I get breathy and excited just thinking about my summer loves…my favorite bites of the season. Here are some that you should be making…now!
I love this Fresh Fruit Custard Tart and so does everyone that I’ve made it for. I tried to convince you to make it two years ago when I wrote this in my blog. “Speaking of berries, I have to pass this on, while the recipe (Fresh Fruit Custard Tart) is still linked over at the Oregonian’s Food Day. I enjoy making desserts, but have no discipline or aptitude for fussy ones. I love winging it when it comes to cooking, and in general, desserts don’t like this, since baking can be more of an exact science than other dishes. But not so this one! You’ve just got to make this. It could not be any easier. This recipe should be called Liar Tart. Because you’ll swear to your guests that you’re really not much of a baker, not much of a dessert maker, and they will swear that you are lying! Or it could be called Domestic Goddess Pie, because that is what you’ll appear to be. And still not content to just let a recipe be, I added some lemon zest and some lavender to the custard. (I pulse 1 tsp of lavender with the remaining sugar before dumping into the cuisinart with the sour cream and eggs).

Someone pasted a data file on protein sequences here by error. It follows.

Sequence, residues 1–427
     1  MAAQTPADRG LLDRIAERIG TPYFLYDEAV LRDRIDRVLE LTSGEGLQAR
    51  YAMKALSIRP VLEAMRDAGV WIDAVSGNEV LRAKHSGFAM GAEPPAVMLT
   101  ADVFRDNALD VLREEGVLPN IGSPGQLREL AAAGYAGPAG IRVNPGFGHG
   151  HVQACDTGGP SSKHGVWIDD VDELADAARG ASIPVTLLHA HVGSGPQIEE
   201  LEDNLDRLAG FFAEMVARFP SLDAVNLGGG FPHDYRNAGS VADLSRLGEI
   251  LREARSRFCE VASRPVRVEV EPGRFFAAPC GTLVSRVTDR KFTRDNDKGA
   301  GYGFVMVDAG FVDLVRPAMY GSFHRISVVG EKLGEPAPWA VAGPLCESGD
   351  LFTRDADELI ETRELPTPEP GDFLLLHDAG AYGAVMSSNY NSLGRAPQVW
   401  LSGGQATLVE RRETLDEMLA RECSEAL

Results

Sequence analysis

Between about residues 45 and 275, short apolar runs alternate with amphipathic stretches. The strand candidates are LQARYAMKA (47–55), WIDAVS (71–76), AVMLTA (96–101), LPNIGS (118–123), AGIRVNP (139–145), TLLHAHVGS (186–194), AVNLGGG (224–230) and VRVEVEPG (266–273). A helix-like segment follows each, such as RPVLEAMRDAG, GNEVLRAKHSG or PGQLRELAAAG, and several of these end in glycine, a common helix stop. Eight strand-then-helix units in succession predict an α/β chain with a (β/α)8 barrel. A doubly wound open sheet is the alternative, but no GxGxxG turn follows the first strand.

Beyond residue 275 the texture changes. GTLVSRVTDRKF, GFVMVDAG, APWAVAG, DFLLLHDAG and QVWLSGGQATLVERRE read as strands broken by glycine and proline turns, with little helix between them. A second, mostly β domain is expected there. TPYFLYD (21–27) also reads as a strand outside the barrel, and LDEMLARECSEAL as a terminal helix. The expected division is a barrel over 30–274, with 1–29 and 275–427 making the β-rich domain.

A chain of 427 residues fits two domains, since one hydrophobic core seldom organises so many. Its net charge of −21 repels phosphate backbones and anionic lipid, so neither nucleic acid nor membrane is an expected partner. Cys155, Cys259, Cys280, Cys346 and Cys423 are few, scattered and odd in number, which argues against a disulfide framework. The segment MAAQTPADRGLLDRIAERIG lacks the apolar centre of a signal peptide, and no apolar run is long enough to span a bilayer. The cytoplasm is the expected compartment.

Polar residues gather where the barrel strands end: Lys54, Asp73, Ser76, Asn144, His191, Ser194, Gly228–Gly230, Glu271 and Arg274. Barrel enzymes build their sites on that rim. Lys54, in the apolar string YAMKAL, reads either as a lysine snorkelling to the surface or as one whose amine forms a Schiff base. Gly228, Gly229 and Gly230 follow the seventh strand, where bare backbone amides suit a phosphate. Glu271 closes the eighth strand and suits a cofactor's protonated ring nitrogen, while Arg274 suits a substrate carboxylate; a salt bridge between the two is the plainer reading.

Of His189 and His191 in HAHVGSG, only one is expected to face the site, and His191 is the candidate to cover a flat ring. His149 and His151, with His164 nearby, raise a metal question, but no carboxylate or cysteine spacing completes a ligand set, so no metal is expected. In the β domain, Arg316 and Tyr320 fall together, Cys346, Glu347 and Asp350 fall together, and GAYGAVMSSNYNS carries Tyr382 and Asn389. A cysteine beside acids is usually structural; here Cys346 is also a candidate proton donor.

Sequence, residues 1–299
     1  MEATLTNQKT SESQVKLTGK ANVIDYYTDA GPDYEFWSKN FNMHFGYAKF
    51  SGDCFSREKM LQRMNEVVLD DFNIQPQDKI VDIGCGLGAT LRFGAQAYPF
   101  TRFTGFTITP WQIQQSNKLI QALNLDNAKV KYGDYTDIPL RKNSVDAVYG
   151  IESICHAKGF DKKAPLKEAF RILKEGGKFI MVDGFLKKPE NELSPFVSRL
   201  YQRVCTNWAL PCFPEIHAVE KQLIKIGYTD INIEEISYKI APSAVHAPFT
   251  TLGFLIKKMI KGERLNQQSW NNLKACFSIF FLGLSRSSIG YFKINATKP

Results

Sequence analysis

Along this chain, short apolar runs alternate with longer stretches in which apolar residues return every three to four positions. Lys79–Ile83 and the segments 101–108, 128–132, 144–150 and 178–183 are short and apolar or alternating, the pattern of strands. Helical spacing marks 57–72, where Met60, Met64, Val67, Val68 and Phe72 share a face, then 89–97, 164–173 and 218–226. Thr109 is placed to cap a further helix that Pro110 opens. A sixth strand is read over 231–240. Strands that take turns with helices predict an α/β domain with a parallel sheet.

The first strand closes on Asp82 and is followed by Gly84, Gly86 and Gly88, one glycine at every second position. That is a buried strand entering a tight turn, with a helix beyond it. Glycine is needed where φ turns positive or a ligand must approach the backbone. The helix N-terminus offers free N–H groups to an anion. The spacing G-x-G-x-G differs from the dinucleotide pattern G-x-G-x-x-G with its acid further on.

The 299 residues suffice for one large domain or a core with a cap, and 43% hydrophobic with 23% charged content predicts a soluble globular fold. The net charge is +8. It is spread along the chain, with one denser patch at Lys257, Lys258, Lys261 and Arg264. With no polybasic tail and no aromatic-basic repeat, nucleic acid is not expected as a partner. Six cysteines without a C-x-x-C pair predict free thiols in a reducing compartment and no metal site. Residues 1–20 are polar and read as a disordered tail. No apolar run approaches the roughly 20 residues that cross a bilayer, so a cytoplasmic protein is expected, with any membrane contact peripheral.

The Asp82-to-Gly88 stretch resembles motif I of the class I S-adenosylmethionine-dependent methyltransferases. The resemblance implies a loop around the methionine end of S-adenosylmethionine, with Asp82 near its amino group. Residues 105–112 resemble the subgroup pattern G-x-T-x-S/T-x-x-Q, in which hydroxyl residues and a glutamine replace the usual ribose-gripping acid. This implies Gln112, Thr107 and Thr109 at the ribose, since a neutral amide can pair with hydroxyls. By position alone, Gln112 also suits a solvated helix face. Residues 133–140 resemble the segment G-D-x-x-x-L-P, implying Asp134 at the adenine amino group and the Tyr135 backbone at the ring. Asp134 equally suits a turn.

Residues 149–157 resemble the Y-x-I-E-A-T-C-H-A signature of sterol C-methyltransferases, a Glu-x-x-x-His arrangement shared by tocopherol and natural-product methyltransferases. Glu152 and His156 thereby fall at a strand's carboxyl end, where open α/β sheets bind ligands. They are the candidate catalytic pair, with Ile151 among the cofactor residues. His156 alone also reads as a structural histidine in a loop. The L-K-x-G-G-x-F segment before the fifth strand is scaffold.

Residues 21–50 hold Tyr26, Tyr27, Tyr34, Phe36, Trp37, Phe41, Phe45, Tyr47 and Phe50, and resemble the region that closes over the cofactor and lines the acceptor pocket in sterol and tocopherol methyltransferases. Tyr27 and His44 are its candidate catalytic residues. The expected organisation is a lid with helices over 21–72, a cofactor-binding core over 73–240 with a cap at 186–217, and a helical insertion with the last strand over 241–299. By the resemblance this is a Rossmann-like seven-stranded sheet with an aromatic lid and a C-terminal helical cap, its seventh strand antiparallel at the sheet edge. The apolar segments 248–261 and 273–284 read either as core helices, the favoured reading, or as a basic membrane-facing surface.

Update: I’ve taken to adding lavender to the crust instead of the custard. This can easily be made by a child. Pirrie decorated this one.
Do you have basil? I love Ina Garten’s Basil Green Goddess dressing. It’s a dressing, it’s a dip, it’s my favorite accompaniment for slow-roasted salmon with couscous or quinoa. I cut back on the mayo and sour cream and sub in some plain whole milk yogurt. I also confess that I’ve never added the anchovy paste.
Got zucchini or other summer squash? This gratin from 101 Cookbooks is fabulous!
Make some fruit preserves…in 15 minutes! See my previous posts (and fears) about canning. This is a simple, no-hassle style of preserves, and it’s so easy and delicious. Since I’m not interested in a pantry full of jelly, and two small jars at a time is more than enough, this “un-canny” method works well for me. Using the large open skillet speeds up the jelling so you don’t need pectin. You also use much less sugar than what most recipes call for (and I use even a tiny bit less than what this recipe calls for). The most recent batch was a mix of what I had on hand…some blackcap raspberries, some red raspberries, and a random half a peach that someone neglected at breakfast.
Since raspberries and blackberries can have more and tougher seeds, I pushed the jam through a sieve using a ladle, although you don’t have to do this, and it is completely unnecessary with less seedy fruit.
It’s delicious on toast or crepes, and we loved it folded into some fresh whipped cream, which I served alongside two cakes for dessert during a recent Champagne Brunch that raised money for Portland Children’s Museum.
Am now working on a fresh green pea dip for these sweeties. So glad I planted them this year. More soon. In the meantime, go make something yummy that you love!